Greater Hartford Youth Wind Ensemble

Congratulations to the Class of 2015!
T. Clark Saunders, Acting Dean
Hartt Community Division
Noah Blocker-Glynn, Director
Greater Hartford Youth Wind Ensemble
Glen Adsit, Director
John T. Hart Jr., Manager and Assistant Conductor
Tamika Gorski, Percussion Advisor
Sunday, May 3, 2015
7:30 p.m.
Lincoln Theater
William Schuman
John Hart, conductor
Michael Colgrass
Kentucky Harmony
I. Rockbridge/Lenox
II. Hiding Place
III. Enfield/Dublin
Glen Adsit, conductor
Carmina Burana
1. O, Fortune, variable as the moon
2. I lament Fortune’s blows
3. Behold the Spring
4. Dance—On the lawn
6. Were the world all mine
7. The God of Love flies everywhere
8. I am the Abbot
9. When we are in the tavern
10. I am suspended between love and chastity
13. O, Fortune! Like the Moon ever changing,
rising first then declining
Donald Grantham
Cole Adams
Grant Abelson
Jeremy Baouche
Future Plans
Brown University
University of Connecticut
University of Connecticut
Kyle Brooks
Pepperdine University
Professional Golf
William Burns
Coastal Carolina University
Computer Science
Evan Cohen
University of Connecticut
and Engineering
Economics, and
Taylor Coursey
Nutritional Sciences
Justin Drisdelle
Jacob Greenwald
University of Connecticut
Christopher Grossack Carnegie Mellon
Physics and Math
Matthew Guevara
University of Hartford
Benjamin Harlee
Carl Orff
arr. John Krance
Eleanor Johnson
Emily Kopacz
Tiffany Liu
Patricia Maciolek
Jackie McDougall
Courtney Mollo
Brittany Nelson
Hannah Parrott
John Hart, conductor
Danzón No. 2
Arturo Márquez
arr. Oliver Nickel
Glen Adsit, conductor
Caleb Ryor
Dana Zareski
Temple University or
University of Chicago
University of Miami
Saint Michael’s College
Performance and
Horn Performance
Elementary and
Syracuse University
Special Education
University of Massachusetts Biology
International Affairs
Northeastern University
and English
Materials Science
University of Connecticut
and Engineering
Linguistics and
Carleton College
Siena College
Computer Science
Performance and
Boston University
Glen Adsit is the director of bands at The Hartt School where he
conducts the Wind Ensemble and the Foot in the Door ensemble and
guides all aspects of the graduate wind conducting degrees. Adsit was
appointed the director of bands at The Hartt School in the fall of 2000
and was awarded the 2014 Larsen Prize for outstanding teaching at the
University of Hartford.
Ensembles under his direction have performed at Hill Auditorium (Ann
Arbor, Michigan), the Musikverein (Vienna, Austria), Benroya Ilsley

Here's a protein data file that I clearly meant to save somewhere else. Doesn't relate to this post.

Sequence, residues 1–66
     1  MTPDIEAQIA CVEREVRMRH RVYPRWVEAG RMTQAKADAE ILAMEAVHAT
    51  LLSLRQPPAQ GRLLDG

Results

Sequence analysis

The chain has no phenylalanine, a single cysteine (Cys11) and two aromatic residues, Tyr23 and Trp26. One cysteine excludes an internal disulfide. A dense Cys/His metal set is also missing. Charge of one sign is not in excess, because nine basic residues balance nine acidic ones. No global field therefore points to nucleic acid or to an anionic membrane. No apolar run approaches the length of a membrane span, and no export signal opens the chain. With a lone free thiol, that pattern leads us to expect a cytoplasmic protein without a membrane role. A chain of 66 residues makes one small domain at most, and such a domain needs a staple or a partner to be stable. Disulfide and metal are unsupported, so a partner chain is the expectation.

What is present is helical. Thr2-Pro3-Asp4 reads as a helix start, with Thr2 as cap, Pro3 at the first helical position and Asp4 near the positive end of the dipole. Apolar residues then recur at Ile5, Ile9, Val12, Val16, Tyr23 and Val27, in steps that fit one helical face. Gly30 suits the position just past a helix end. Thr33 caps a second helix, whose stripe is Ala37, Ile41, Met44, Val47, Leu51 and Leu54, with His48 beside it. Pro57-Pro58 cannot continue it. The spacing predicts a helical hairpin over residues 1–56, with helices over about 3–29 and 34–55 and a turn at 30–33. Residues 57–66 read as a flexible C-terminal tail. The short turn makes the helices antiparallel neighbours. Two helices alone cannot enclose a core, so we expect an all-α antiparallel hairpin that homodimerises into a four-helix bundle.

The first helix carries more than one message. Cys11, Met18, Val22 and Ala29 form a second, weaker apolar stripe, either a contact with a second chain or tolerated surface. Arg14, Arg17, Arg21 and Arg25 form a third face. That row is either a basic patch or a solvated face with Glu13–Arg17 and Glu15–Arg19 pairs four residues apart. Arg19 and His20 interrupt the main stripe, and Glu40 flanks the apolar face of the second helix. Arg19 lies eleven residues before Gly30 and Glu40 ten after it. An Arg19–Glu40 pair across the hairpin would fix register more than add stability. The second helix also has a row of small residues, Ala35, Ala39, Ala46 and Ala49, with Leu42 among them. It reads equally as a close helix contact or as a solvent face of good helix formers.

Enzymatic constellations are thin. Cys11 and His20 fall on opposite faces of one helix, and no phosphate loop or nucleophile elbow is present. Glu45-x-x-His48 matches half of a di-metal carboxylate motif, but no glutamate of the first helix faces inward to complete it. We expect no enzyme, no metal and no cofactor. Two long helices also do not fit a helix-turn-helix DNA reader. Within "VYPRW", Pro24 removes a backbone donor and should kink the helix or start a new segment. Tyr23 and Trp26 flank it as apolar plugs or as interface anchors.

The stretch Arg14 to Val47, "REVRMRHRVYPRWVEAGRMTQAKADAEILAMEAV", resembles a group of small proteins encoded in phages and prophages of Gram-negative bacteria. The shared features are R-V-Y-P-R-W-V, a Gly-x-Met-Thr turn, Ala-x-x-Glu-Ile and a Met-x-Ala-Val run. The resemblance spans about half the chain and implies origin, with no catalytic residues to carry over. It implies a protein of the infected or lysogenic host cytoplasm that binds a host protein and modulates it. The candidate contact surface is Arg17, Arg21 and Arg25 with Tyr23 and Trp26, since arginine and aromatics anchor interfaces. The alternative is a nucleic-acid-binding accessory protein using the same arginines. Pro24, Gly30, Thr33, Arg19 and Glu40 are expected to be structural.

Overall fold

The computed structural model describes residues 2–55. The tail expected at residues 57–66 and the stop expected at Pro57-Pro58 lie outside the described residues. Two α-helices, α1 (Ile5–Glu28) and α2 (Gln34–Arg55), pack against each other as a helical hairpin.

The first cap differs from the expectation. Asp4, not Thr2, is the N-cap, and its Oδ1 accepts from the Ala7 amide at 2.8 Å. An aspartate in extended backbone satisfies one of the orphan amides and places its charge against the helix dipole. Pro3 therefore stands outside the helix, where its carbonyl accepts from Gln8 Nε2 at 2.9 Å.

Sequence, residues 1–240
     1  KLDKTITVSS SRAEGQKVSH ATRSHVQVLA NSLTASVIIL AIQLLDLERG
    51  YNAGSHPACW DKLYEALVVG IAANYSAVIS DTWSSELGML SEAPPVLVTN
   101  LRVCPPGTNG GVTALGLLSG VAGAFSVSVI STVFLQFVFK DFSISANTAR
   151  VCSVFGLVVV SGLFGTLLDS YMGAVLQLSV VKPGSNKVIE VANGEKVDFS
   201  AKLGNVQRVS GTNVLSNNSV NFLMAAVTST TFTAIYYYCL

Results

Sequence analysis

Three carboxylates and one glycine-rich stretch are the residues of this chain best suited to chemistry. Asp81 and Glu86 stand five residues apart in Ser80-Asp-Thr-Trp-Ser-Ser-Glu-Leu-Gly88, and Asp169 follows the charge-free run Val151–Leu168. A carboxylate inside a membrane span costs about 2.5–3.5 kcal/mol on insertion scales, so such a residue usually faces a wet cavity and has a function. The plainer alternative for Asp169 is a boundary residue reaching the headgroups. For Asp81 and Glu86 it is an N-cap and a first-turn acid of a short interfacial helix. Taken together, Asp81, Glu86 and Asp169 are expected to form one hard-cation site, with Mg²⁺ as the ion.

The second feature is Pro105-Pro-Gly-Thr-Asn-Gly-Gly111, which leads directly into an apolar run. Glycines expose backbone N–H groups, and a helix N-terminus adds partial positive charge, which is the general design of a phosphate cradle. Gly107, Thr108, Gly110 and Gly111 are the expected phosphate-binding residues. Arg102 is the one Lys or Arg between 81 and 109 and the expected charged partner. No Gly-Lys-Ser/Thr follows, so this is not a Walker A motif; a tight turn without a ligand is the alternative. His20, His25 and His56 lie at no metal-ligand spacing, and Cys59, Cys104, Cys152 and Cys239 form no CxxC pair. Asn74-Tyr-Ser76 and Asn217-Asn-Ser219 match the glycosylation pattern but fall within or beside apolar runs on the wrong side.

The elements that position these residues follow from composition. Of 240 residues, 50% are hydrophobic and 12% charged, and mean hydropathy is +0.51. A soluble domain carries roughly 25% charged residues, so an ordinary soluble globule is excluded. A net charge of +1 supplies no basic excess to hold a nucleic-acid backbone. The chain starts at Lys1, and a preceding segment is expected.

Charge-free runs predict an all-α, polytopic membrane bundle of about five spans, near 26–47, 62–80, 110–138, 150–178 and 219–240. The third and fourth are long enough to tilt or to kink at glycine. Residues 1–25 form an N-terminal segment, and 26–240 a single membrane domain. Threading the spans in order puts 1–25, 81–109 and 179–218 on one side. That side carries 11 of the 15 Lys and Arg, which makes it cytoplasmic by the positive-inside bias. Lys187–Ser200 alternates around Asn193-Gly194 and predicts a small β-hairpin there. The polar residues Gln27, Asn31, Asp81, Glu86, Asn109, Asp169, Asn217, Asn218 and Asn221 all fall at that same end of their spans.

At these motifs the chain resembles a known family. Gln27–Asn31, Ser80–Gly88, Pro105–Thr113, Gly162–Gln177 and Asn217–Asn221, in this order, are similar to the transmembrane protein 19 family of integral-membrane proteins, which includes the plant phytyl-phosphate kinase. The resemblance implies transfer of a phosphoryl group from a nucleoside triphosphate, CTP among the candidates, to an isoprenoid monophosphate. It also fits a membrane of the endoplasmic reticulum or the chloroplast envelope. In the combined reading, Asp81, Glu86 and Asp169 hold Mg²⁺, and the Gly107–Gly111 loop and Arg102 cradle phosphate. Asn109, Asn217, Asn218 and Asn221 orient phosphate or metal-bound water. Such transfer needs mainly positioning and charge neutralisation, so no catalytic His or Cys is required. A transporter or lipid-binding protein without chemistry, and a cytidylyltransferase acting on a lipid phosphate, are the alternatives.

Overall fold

Hall (Seattle, Washington), Carnegie Hall’s Stern Hall (New York,
New York), and the Central Conservatory (Beijing, China), among
others. Adsit’s performances have won praise from such notable
composers as John Corigliano, Joseph Schwanter, Bright Sheng, Susan
Botti, Joan Tower, Michael Colgrass, and William Bolcom.
The Hartt Wind Ensemble has recorded two compact discs for the
NAXOS label: Passaggi and Dragon Rhyme. In reviews, Gramophone
magazine describes The Hartt Wind Ensemble as “stellar” and Fanfare
magazine wrote “and on the evidence of his two Naxos CDs, Adsit is
simply one of the finest conductors leading a wind ensemble today.”
John T. Hart Jr. is a doctoral student of music education at The Hartt
School. He studies conducting with Glen Adsit and Edward Cumming.
This is his second year as the associate conductor and manager of the
Greater Hartford Youth Wind Ensemble. Prior to studying at the Ph.D.
level, John brought his talents for teaching and conducting to public
education. He was the director of bands at Mansfield Middle School in
Storrs, Connecticut from 2009 to 2013. John has worked with community
and professional musical organizations alike, from the Windham
Concert Band to the Hartford Symphony Orchestra. John has also been
the interim choir director at Westminster Presbyterian Church in West
Hartford, Connecticut, where he also directs the Handbell Choir. John
holds a master of music education degree from The Hartt School of
Music and a BA in music from Gettysburg College, where he studied
euphonium with Dr. Jack Ryan and conducting with Dr. Robert Natter
and Dr. Lewes Peddell.
The Hartt School Community Division (HCD) of the University of
Hartford is a comprehensive community arts school that annually
provides performing arts instruction to more than 2,700 students. HCD
offers a variety of lessons, classes, and performance opportunities in
music and dance for students of all ages, experience levels, and
abilities. For more information on The Hartt School Community
Division, visit
Greater Hartford Youth Wind Ensemble
Glen Adsit, Director
John T. Hart Jr., Manager
Tamika Gorski, Percussion Advisor
Christopher Grossack
Cathrina Kothman
Tiffany Liu
Jenna Creighton
Molly Desrochers
Sheryl Wang
Samantha Griswold
Emily Kopacz
Katie Gagnon
Elinor Cohen
Taylor Coursey
Nicole Souza
Ashley Lam
Mandaline Lu
Kate Jessen
Cole Adams
Kara Friedman
Hannah Chua-Reyes
Courtney Mollo
Xinyu Zhang
Jason Wang
Emily Bernstein
Logan Kissane
Lauren Bagshaw
Nathan Suh
Annie Hetherington-Coy
Rahul Rajkumar
Brittany Nelson
Kyle Brooks
Benjamin Harlee
Peter Kelley
Bass Clarinet
Hannah Parrott
Caleb Ryor
Leila Ben-Mamoun
Dana Zareski
Jacob Greenwald
Patricia Maciolek
Sarah Jessen
Justin Drisdelle
Robert Ciaffaglione
Nathan Hellmuth
Colin Hiscox
Sophia Pratto
Jeremy Baouche
Talia Michaud
Matthew Guevara
Sam Houle
Eleanor Johnson
Josiah Blackwell-Lipkind
Grant Abelson
Daniela Zach
Noah Hawks-Ladds
Shannon Williams
Samuel Porcello
Makayla Gelinas
Rachel Core
Matthew Vatteroni
Christopher Hauptfeld
David Sattler
Hannah Desrochers
Grace Amell
Marc O’Gorman
Tristan Watson
Jackie McDougall
Alexander Geoffrey Russell
Alec Rich
William Burns
Evan Cohen
Keith Sales
Eric Wang
Cameron Graves
Concert Etiquette: